Thursday, March 7, 2013

The Issue of Sin in Healing

Continuing with the subject of Divine Healing, with a review of some pertinent scripture verses: Isaiah 53:3-5; 1 Corinthians 13:9-10; Romans 8:10-11; Ephesians 1:13-14; John 9:1-3; Luke 10:1-12; Mark 16:15-18; 1 Corinthians 12; Matthew 9:28-30; Mark 9:23-24; Mark 6:1-6; 1 Corinthians 11:27-32; James 5:14-20; Revelation 22:1-3

Experience tells me, what I am about to share with you will cause some of you some anguish. However, since my commitment in writing is to be boldly scriptural, I'm going to tell you what I think is scripturally true come what may. So give this a read, and if it upsets you, leave a comment. We'll talk.

In dealing with in the subject of sickness from a scriptural perspective, there is no avoiding the fact that Paul and James both connect sickness to sin in their Holy Spirit inspired writings. Paul does so quite directly, James merely implies it, but both connect the two beyond a shadow of a doubt. Neither offers the correlation that if one sins, one consequently becomes ill, but there is cause and effect in some cases. James nebulously mentions that if a sick person has sinned he will be forgiven in the process of healing (causal link implied), but Paul specifically mentions the sin of eating and drinking from the Lord's table in an unworthy fashion as leading to sickness (and even death).

The concept is nothing new. We looked into God's ancient pattern of governance earlier in the series to establish that God wanted his people well. If we look there again, we'll see that the sin and sickness connection is long established under the rule of God. Isaiah said that sin puts us at odds with God, even out of earshot, which goes a long way toward explaining why sickness can follow sin in a believer's life. If we need to ask for healing, which is what I have asserted, and sin interferes with our ability to be heard by God; certainly, sin could effect our ability to receive all that God has made available to us.

For those of you who would have trouble envisioning God making us ill, let me point out that he would not have to act directly against us for sickness to follow sin, he would merely have to leave us to our lot. This concept may put a chill down your spine, but don't let it get you down, even though death is part of the possibilities that Paul brings up. James makes it clear, that if sin is associated with the sickness someone is experiencing, it will be forgiven him when he calls for the elders and the church prays for him. Mistreating your brothers and sisters may bring illness your way, but calling on those brothers and sisters to pray for you can bring forgiveness and healing.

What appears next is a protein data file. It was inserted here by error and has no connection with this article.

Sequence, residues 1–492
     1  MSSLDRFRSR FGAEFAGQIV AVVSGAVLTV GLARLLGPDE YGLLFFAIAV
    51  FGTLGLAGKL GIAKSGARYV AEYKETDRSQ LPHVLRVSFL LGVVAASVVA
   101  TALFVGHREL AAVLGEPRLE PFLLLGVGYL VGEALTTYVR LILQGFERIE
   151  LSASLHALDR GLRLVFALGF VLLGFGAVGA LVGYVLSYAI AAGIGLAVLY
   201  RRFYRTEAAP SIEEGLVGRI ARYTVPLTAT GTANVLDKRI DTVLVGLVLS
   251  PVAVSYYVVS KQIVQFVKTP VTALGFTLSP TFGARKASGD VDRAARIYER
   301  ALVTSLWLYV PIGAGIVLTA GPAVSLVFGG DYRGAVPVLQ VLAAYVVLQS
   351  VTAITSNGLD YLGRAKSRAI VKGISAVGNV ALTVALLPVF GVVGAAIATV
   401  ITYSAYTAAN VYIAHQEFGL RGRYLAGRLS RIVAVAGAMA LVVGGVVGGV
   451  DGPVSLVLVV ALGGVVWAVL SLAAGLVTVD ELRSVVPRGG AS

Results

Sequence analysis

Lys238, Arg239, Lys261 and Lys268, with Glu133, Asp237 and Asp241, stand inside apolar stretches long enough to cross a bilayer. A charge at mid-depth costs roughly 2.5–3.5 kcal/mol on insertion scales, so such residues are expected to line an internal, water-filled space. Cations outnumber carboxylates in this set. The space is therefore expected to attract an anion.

1. One connection to your post is the man at the pool of Bethesda that was healed. Jesus later met him in the temple and said, "Don't sin less a worse thing come upon you" (paraphrase).

    Good post.

  2. Thanks Peter,
    I really appreciate your input! I think the scripture is clear on the subject, but it's hard for some folk to see or hear it.

  3. Hmm. Interesting. I guess I never really thought about it. Is it the same concept as what happened to Ananias and Sapphira in Acts?

  4. Todd,
    Although we could only speculatively connect the dots between the specific circumstances of I Corinthians 11 and Acts 5, I think the incidents are of the same cloth. The outcome of the actions cited, at least in the ultimate sense, is certainly the same. I think both could justifiably be seen as demonstrations of the principle at hand. Great comment!

  5. Great post!

    The Old Testament prophets saw the connection between disobedience and sickness very clearly. For example, Isaiah chapter 1

    Why will you still be struck down?
    Why will you continue to rebel?
    The whole head is sick,
    and the whole heart faint.
    From the sole of the foot even to the head,
    there is no soundness in it,
    but bruises and sores
    and raw wounds;
    they are not pressed out or bound up
    or softened with oil.

    But then the same prophet says concerning Christ in chapter 53

    But he was wounded for our transgressions;
    he was crushed for our iniquities;
    upon him was the chastisement that brought us peace,
    and with his stripes we are healed.

    Because one of the consequences of sin can be sickness, we have the wonderful prospect that when we invite Jesus to deal with our sin that one of the consequences of forgiveness can be restored health. Praise God! Indeed, the very word that we see translated in the New Testament as "salvation" is the Greek word "sozo" which basically means "to be made whole" and is also translated in the New Testament as "healed" depending on the context.

    Every kind of brokenness is the consequence of sin - not always directly, often "just" the consequence of a fallen world as your previous post covered so well.

    But God's heart is to "sozo" us - to make us whole again :-)

    Even if we must patiently wait until we see the new earth - He will complete that "sozo" work in us.

  6. Thanks Mark,
    Sin short-circuits everything, and God puts things right and makes them work. Thankfully, He is better at doing what he does than sin is at doing what it does, all to the chagrin of the Devil.


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